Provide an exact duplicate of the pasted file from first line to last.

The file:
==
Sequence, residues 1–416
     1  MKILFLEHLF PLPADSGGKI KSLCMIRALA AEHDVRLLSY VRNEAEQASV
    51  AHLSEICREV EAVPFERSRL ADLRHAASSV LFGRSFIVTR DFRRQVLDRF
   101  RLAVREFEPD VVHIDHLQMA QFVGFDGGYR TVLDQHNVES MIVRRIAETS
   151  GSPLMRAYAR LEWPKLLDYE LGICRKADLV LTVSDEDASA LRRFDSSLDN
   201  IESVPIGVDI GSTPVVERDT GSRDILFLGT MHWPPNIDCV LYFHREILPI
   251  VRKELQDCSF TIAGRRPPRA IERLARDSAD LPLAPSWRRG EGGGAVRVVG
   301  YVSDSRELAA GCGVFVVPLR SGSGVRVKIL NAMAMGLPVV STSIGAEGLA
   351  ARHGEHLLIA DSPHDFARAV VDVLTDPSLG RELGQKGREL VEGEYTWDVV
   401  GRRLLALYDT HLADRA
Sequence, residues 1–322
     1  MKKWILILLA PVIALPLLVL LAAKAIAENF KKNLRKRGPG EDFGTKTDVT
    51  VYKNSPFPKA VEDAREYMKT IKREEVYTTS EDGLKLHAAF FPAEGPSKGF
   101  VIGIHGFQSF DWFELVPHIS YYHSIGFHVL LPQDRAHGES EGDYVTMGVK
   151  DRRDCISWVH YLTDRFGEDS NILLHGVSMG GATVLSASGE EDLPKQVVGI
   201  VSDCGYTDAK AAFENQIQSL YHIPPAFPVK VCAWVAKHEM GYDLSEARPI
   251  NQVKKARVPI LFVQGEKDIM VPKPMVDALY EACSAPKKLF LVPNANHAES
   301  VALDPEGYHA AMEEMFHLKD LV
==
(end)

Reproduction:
Sequence, residues 1–416
     1  MKILFLEHLF PLPADSGGKI KSLCMIRALA AEHDVRLLSY VRNEAEQASV
    51  AHLSEICREV EAVPFERSRL ADLRHAASSV LFGRSFIVTR DFRRQVLDRF
   101  RLAVREFEPD VVHIDHLQMA QFVGFDGGYR TVLDQHNVES MIVRRIAETS
   151  GSPLMRAYAR LEWPKLLDYE LGICRKADLV LTVSDEDASA LRRFDSSLDN
   201  IESVPIGVDI GSTPVVERDT GSRDILFLGT MHWPPNIDCV LYFHREILPI
   251  VRKELQDCSF TIAGRRPPRA IERLARDSAD LPLAPSWRRG EGGGAVRVVG
   301  YVSDSRELAA GCGVFVVPLR SGSGVRVKIL NAMAMGLPVV STSIGAEGLA
   351  ARHGEHLLIA DSPHDFARAV VDVLTDPSLG RELGQKGREL VEGEYTWDVV
   401  GRRLLALYDT HLADRA
Sequence, residues 1–322
     1  MKKWILILLA PVIALPLLVL LAAKAIAENF KKNLRKRGPG EDFGTKTDVT
    51  VYKNSPFPKA VEDAREYMKT IKREEVYTTS EDGLKLHAAF FPAEGPSKGF
   101  VIGIHGFQSF DWFELVPHIS YYHSIGFHVL LPQDRAHGES EGDYVTMGVK
   151  DRRDCISWVH YLTDRFGEDS NILLHGVSMG GATVLSASGE EDLPKQVVGI
   201  VSDCGYTDAK AAFENQIQSL YHIPPAFPVK VCAWVAKHEM GYDLSEARPI
   251  NQVKKARVPI LFVQGEKDIM VPKPMVDALY EACSAPKKLF LVPNANHAES
   301  VALDPEGYHA AMEEMFHLKD LV